Gang involvement seriously damages young lives. We are researching the impact of a radical new approach to engaging young people involved in gang-related activity.

New models of working with gangs

We worked with MAC-UK, a small charity in North London that delivers mental health interventions to marginalised young people at risk of antisocial and/or gang-related activity. MAC-UK has developed an innovative, evidence-based model called Integrate that is effective in reaching out to excluded young people. It is a radical approach taking what we know works in mental health and applying it in new ways.The aims of the Integrate model are reducing serious youth violence and re-offending, getting young people engaged in training, education and employment, or getting them back into existing services.

Over three years, we evaluated all four sites, researching the impact of these interventions on young people as well as their effects on the wider community. You can see our findings in Meeting us where we're at. We found that the projects were very successful in engaging groups of marginalised young people at risk of offending. Young people distinguished their experience of the projects from that of other services, describing staff as non-judgemental and accepting.

Our evaluation of the fourth site, Unlocking a different future, also shares the untold story behind the young men often labelled as ‘gang members’: the context in which they have grown up, the inequalities they have faced and how these have prevented access to help and contributed to poor wellbeing and risk of offending.

Society sees you as a gang member. Everyone sees you like that. Like I was walking home and I had my hood up because it’s cold and you walk past a woman and she, like, clutches her bag tighter. Like I’m not gonna do anything, but that's the way society looks at you.

As a result of our research, we're calling for:

  • Local authorities, NHS commissioners, Police and others should pool budgets to offer long-term funding to services like the project which support marginalised young people.

  • Mental health service providers and commissioners should develop services for young people using the principles of the project: at least one in every Sustainability and Transformation Partnership or Accountable Care System area.

  • Schools need to be ‘psychologically informed’, with staff who are trained in understanding and addressing trauma, stress and distress and ‘life lessons’ on the curriculum.

  • Prisons need a profound culture shift to prioritise wellbeing and rehabilitation in order to stop the cycle of offending.

 

Girls in gangs

A small minority of young people is involved in gangs in the UK but they are the subject of considerable public and political concern. But there is limited information on the scale and pattern of risk factors experienced by young women associated with gangs in the UK.

Our report is the result of a comprehensive literature review on girls involved in gangs and an analysis of data collected by health screening initiatives in England for more than 8,000 young people at the point of arrest as part of our Youth Justice Liaison and Diversion work.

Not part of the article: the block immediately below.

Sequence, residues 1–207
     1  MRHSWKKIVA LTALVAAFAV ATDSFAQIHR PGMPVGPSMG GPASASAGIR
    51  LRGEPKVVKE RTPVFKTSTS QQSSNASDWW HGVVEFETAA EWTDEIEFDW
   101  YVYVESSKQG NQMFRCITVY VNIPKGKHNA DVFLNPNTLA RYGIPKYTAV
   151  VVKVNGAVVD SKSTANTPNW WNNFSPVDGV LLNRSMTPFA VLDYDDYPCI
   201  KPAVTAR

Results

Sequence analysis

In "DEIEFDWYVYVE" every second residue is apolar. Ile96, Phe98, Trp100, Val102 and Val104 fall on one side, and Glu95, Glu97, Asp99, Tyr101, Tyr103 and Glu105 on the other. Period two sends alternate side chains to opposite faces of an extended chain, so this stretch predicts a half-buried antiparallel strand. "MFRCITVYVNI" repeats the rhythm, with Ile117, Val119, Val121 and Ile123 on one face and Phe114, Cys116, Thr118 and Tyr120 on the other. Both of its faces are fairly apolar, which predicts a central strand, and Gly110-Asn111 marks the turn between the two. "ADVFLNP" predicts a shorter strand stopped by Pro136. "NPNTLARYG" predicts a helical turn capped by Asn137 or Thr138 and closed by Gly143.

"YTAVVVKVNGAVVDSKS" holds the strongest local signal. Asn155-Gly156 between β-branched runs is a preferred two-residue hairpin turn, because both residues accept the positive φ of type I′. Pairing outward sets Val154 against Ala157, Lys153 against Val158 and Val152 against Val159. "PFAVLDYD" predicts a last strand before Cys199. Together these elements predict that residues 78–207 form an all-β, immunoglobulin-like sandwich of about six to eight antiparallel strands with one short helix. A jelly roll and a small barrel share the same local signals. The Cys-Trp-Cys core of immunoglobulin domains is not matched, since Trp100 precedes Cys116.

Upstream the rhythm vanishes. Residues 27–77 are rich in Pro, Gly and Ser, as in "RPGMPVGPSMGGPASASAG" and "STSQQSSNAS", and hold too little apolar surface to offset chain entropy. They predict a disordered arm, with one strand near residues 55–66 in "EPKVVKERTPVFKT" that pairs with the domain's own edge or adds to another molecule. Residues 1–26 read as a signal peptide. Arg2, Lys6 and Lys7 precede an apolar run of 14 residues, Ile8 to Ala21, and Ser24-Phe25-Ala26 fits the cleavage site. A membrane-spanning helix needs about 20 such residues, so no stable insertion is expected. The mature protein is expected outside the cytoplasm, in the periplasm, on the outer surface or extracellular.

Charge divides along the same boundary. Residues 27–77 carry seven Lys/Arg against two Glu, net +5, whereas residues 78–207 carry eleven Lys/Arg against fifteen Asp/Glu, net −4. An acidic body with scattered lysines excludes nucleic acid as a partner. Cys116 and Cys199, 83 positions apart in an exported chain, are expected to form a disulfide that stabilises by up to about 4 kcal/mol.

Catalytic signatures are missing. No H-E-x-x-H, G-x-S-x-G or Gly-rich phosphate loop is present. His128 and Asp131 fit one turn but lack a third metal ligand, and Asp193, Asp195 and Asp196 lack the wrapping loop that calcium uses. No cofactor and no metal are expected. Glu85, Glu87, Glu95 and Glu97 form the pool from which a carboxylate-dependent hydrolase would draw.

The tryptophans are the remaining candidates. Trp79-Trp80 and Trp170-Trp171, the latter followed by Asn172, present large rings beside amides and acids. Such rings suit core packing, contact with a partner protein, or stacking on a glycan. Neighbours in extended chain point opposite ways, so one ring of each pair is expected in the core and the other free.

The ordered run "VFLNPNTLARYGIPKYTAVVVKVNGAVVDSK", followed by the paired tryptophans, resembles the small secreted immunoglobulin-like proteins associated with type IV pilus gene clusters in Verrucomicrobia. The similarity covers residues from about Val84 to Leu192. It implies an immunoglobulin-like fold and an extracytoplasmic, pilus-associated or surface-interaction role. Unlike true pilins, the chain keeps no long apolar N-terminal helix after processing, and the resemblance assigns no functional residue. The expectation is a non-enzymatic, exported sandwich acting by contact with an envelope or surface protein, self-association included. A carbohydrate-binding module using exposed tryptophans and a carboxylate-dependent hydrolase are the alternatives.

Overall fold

On average, young women involved with gangs had more than double the number of vulnerabilities than the other girls who were screened after arrest. The results of the screening shows clear evidence of the psychological vulnerability of gang involved young women. Just over a quarter were identified as having a suspected mental health problem and 30% were identified as self-harming or at risk of suicide.

What you can do - policy

  • The Government should ensure that the statutory duty on the Secretary of State to reduce local health inequalities translates into meaningful and measurable local action.
  • NHS England should commission point of arrest liaison and diversion services which are gender-sensitive and recognise the deleterious impact of gang membership on children’s health and social outcomes.
  • The Youth Justice Board and the Home Office Violence Prevention Unit should continue and extend work to produce tools, training materials and initiatives for youth services and YOTs on gender-specific practice.
  • YOTs and probation services should work in close partnership with voluntary sector services working with gangs to create engaging and safe spaces and services for highly vulnerable young women.

What you can do - commissioning

  • All local authorities with responsibility for conducting Joint Strategic Needs Assessments should identify the number of young people involved in gang activity or who are at risk of it and develop multi-agency strategies to address these risks.
  • Health, social care, education and justice commissioners should all recognise gang membership as a marker for particularly pervasive negative outcomes for young people and communities and take collective action to gather data on prevalence, prevent risk and support those who are involved to exit safely.
  • Local Safeguarding Boards should actively monitor and review local prevalence information on gang activity and membership.

What you can do - in practice

  • All services in regular contact with young people and families should recognise the toxic and undermining impact of both multiple risk factors and prolonged exposure to risk for children’s healthy development.
  • All services in contact with young people should routinely talk to them about whether and how they are affected by gang activity in their communities.